If you’ve had problems managing your debit cards in the past, racking up those $30 or $35 overdraft fees every time you overdrew your account, you might be getting a call from your bank or credit union in the next week or so. That is, if they haven’t already called you.
A new study from the Center for Responsible Lending (CRL) raises the alarm that those who can least afford to pay overdraft fees are likely to be targeted by banks to sign up to pay, you guessed it, overdraft fees.
As of Aug. 15, 2010, current debit card users can no longer be charged overdraft fees unless they sign up (called “opting in”) to an overdraft protection program. Overdraft programs allow you to spend more than you have in your account, but charge high fees for the privilege. Depending on how long the account remains overdrawn and how many times you overdraw, the fees can add up to a lot of money pretty quickly. (See this chart for a list of the total costs by bank.)
Previously, banks and credit unions signed account holders up for these programs without their knowledge. New debit card rules issued by the Federal Reserve require banks to get customers to opt in to overdraft programs for ATM and one-time debit card purchases. So, over the past several weeks, some lending institutions have been sending letters and e-mails and posting messages on their websites and on ATM machine screens urging customers to sign up for overdraft protection.
According to CRL, several financial industry marketing firms have advised banks and credit unions to aggressively target chronic overdrafters. Why? To keep a significant banking industry revenue stream flowing. One estimate puts revenues from overdraft fees at $37 billion in 2009. Unfortunately, going after overdrafters puts families who’ve clearly demonstrated that they have problems managing money on even more precarious financial footing.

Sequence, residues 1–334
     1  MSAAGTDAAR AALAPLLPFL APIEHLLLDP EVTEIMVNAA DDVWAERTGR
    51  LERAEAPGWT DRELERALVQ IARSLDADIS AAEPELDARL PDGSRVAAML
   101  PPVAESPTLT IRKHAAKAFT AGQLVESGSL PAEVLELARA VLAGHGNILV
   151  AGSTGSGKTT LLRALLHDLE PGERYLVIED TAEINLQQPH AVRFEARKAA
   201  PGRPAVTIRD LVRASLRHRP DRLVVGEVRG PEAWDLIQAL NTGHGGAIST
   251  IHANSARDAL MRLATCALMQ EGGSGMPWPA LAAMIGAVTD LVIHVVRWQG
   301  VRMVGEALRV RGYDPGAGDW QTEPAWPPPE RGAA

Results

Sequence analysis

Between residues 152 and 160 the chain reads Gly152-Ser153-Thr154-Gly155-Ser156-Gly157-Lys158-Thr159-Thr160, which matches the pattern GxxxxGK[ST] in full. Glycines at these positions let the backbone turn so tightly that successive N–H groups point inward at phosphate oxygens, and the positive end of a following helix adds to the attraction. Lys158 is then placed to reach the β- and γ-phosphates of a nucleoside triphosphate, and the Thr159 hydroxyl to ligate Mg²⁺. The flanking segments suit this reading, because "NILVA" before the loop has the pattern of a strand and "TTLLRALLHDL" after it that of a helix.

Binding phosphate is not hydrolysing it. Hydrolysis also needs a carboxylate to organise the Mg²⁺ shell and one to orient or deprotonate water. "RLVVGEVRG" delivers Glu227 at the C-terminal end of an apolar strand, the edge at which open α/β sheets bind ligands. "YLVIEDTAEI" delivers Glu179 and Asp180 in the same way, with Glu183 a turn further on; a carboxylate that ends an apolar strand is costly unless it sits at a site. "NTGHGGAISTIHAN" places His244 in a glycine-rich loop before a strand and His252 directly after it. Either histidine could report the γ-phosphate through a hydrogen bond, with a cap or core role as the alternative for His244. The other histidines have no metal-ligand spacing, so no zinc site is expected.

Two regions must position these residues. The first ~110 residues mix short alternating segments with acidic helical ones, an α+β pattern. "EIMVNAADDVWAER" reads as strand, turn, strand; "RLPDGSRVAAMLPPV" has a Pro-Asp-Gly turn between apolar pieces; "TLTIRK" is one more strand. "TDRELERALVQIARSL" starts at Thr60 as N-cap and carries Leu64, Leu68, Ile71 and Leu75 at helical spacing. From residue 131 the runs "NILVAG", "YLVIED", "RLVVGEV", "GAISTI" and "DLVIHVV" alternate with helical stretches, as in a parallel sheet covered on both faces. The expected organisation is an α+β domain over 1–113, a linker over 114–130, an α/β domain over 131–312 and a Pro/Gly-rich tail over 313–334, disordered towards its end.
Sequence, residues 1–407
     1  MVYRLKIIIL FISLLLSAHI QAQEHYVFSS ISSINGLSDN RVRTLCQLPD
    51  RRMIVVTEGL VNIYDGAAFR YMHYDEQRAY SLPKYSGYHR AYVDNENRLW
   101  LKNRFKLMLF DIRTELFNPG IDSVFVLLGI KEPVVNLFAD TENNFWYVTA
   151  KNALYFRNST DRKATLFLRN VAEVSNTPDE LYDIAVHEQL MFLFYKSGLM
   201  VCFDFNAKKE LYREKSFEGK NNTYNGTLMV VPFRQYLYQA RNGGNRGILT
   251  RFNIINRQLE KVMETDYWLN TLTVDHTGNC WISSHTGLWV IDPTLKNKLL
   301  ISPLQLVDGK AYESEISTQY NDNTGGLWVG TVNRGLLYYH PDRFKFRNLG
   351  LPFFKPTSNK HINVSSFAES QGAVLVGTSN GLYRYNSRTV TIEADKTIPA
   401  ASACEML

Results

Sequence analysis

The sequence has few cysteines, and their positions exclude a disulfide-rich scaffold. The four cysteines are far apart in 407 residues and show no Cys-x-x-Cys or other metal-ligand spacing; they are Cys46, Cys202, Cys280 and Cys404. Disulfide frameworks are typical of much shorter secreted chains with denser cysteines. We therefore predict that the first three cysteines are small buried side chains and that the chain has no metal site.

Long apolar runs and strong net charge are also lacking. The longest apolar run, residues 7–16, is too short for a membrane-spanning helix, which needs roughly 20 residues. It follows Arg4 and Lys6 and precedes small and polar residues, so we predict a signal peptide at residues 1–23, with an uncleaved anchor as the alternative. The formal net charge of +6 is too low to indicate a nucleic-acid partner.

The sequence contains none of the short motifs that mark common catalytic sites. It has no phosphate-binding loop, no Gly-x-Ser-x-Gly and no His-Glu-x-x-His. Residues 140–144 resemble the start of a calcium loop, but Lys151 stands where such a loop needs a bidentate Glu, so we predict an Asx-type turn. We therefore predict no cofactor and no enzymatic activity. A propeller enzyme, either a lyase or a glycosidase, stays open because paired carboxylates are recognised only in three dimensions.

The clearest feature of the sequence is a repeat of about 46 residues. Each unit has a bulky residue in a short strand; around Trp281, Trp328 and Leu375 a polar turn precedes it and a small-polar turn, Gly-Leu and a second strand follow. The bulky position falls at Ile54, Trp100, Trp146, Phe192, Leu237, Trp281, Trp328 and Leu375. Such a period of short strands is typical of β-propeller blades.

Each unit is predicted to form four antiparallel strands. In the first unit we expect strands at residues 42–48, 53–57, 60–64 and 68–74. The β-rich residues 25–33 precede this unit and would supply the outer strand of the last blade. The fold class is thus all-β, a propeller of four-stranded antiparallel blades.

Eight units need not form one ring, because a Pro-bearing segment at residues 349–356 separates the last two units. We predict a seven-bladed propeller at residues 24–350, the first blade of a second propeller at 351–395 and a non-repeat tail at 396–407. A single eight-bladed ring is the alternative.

Some lenders, following the advice of the marketing firms, may even call debit card users, likely emphasizing the point that their purchases will be denied at the cash register if they don’t sign up for overdraft protection. According to CRL, banks may offer gifts or even cash if you respond to the offer.
Low-income and minority groups most vulnerable
As the CRL report notes: “Since research has repeatedly found that overdraft fees have a disparate impact on lower-income consumers and nonwhite consumers, targeting practices such as these raise fair lending concerns under the Equal Credit Opportunity Act (ECOA). In addition, encouraging high levels of unsustainable overdraft debt and an overreliance on unfairly high-cost fees from vulnerable accountholders poses safety and soundness concerns for financial institutions.”
This debit card overdraft problem is eerily reminiscent of the subprime mortgage fiasco, which nearly imploded the U.S. economy in 2008. Mortgage lenders made unsuitable loans to low-income families knowing full well they didn’t have the means to make the payments. Unfortunately, there was a financial incentive for everyone along the mortgage lending pipeline to continue to issue subprime loans.
Now, with debit cards, there is a financial incentive for banks and credit unions to sign a certain segment of debit card users up for overdraft protection services — so that the lenders don’t lose a large source of revenue. The more customers screw up their accounts, the more overdraft revenue a bank collects. All sorts of alarms should be going off here.
Note: Not all banks are charging debit card overdraft fees. This month, Bank of America will begin to decline transactions when there isn’t enough money to cover the purchase (and customers have not opted in to an overdraft protection program). Citi has a long-standing policy against charging overdraft fees. According to the CRL report, USAA and INGDirect have never allowed overdraft fees to be assessed. In March, Chase said it would not charge overdraft fees for purchases under $5.
These banks represent some of the biggest players among debit card issuers, but there are scores of other financial institutions issuing cards. Hopefully, more of their competitors will follow their lead and drop the fees.
Hang up the phone
My advice if you get a call from your lender about overdraft protection? Hang up the phone.
Repeatedly overdrawing your account is a problem — a sign that customers are not good money managers, can’t keep track of what they spend or are deliberately working the system to take advantage of the lag time in processing electronic payments.
Opting in to overdraft protection means you shred the safety net put in place by the Federal Reserve to help protect you from abusive overdraft fees. Opting in means your $10 or $17 debit card purchase could end up costing you an additional $35 or more in overdraft charges.
If you do nothing (meaning don’t opt in), your purchases and ATM withdrawals may be declined if you don’t have enough money in the account to cover the transaction. This will force you to keep track of your money. There are several tools available now to help debit cardholders better manage their money, including e-mail and text alerts and online banking.
See related: Video: Should you enroll in overdraft protection?, Consumers to Fed: Stop overdraft opt-in scare tactics, The high cost of opting in to overdraft fees